Music and Politics: Benedictine College Professor Reveals the History and Romance of the Dominican’s Bachata

Music and Politics: Benedictine Professor Reveals the History and Romance of the Dominican’s Bachata

Friday, February 27, 2015

In conjunction with Dominican Independence Day, February 27, the day in 1844 when the Dominicans won their independence from Haiti, Dr. Julie Sellers, assistant professor of Spanish at Benedictine College and a federally Certified Court Interpreter, has announced her latest book, Bachata and Dominican Identity / La bachata y la identidad dominicana. Published by McFarland, a leading independent publisher of academic and nonfiction books, the work is about a music genre from the Dominican Republic that is closely identified with Dominican nationalism. The book, which is completely bilingual (English and Spanish), is currently available from McFarland and on Amazon in a variety of formats.  

“This book is my effort to write a history of bachata and to describe how that genre has evolved to become a symbol of Dominican identity,” Sellers said. “The reader will learn not only about bachata's history, but also about Dominican history and worldviews, and how they are so intricately intertwined.”

Sellers explained that bachata is a guitar-based romantic music that originated in Santo Domingo's urban shantytowns in the 1960s and has become one of the hottest Latin genres today. She said the genre includes several styles, which she describes as typical, romantic, and modern/urban. 

She said José Manuel Calderón is recognized as the very first bachatero and the typical bachata is more the original sound from some of the earliest musicians. Romantic is typical but a little softer and focused on more romantic themes. Modern and urban bachata styles are produced by Dominicans and Dominican-Americans in the United States and usually include some English. Many Dominicans at home and abroad have now embraced bachata as synonymous with national identity, but the genre carried a social stigma for decades.

Sellers interviewed musicians and producers to give bachata's history and development interwoven with the socio-political context of Dominican identity. In the book, she argues that bachata's early disfavor was a result of the political climate at the time and deeply rooted ties between class and race, and proposes that the genre's growing popularity and ultimate acceptance as a symbol of Dominican identity arise from its instrumental and lyrical innovations, the growth of the lower class, and a devoted following among Dominican expatriates.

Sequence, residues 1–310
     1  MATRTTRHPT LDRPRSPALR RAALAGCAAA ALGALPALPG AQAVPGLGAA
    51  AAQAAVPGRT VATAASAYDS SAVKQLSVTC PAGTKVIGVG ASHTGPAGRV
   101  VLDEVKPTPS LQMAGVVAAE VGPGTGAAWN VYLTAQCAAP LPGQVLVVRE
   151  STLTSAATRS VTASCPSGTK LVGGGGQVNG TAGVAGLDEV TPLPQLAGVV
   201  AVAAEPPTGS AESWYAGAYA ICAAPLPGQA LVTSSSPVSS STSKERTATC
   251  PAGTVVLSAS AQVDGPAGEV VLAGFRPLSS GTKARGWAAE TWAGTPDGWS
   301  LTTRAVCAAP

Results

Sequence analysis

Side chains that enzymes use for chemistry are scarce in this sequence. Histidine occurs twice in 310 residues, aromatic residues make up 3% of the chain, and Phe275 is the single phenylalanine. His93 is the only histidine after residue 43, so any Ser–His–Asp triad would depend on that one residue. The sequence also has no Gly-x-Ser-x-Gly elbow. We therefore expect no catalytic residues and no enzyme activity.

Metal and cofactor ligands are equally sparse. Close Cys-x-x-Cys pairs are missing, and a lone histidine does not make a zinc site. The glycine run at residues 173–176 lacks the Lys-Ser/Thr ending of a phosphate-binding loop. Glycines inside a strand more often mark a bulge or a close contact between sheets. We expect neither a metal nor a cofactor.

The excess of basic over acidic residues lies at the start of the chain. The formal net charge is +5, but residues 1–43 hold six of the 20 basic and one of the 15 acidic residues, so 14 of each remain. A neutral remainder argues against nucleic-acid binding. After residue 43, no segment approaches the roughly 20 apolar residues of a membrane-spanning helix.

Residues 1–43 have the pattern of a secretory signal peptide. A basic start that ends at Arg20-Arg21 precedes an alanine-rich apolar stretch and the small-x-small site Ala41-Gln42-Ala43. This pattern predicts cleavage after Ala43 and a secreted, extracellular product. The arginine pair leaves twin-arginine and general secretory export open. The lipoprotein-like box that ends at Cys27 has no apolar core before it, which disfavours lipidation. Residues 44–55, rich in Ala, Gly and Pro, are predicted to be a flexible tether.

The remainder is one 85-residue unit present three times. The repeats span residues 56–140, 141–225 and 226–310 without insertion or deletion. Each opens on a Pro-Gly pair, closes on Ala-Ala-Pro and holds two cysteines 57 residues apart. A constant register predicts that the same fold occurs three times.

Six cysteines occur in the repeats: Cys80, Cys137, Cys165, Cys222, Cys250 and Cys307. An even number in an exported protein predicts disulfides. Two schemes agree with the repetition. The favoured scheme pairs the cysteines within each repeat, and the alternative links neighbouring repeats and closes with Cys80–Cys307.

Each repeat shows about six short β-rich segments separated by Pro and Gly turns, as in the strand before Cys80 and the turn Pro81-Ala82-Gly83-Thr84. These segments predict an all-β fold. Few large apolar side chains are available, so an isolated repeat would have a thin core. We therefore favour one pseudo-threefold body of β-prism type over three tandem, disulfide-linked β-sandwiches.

“My interest in the Dominican Republic and its culture began in 1993 when I first traveled there as part of Kansas State University's International Community Service project,” Sellers said. “That summer was my first introduction to a culture and people I love, and I've been going back ever since.”

Music Samples:

Typical Bachata -

José Manuel Calderón: https://www.youtube.com/watch?v=DSDMXQ_pKiU

Luis Segura: https://www.youtube.com/watch?v=iQC0TezgPg0

Romantic Bachata

Joe Veras: https://www.youtube.com/watch?v=8GJ2IPLLcBE

Frank Reyes: https://www.youtube.com/watch?v=tuV_1NKnQxY

Modern & Urban Bachata

Aventura: https://www.youtube.com/watch?v=qQzseyDYCKY

Prince Royce: https://www.youtube.com/watch?v=foyH-TEs9D0

Toby Love: https://www.youtube.com/watch?v=QNr_QW1sYKM

Founded in 1858, Benedictine College is a Catholic, Benedictine, residential, liberal arts college located on the bluffs above the Missouri River in Atchison, Kansas.  The school is proud to have been named one of America’s Best Colleges by U.S. News & World Report as well as one of the top Catholic colleges in the nation by First Things magazine and the Newman Guide.  It prides itself on outstanding academics, extraordinary faith life, strong athletic programs, and an exceptional sense of community and belonging.  It has a mission to educate men and women within a community of faith and scholarship.

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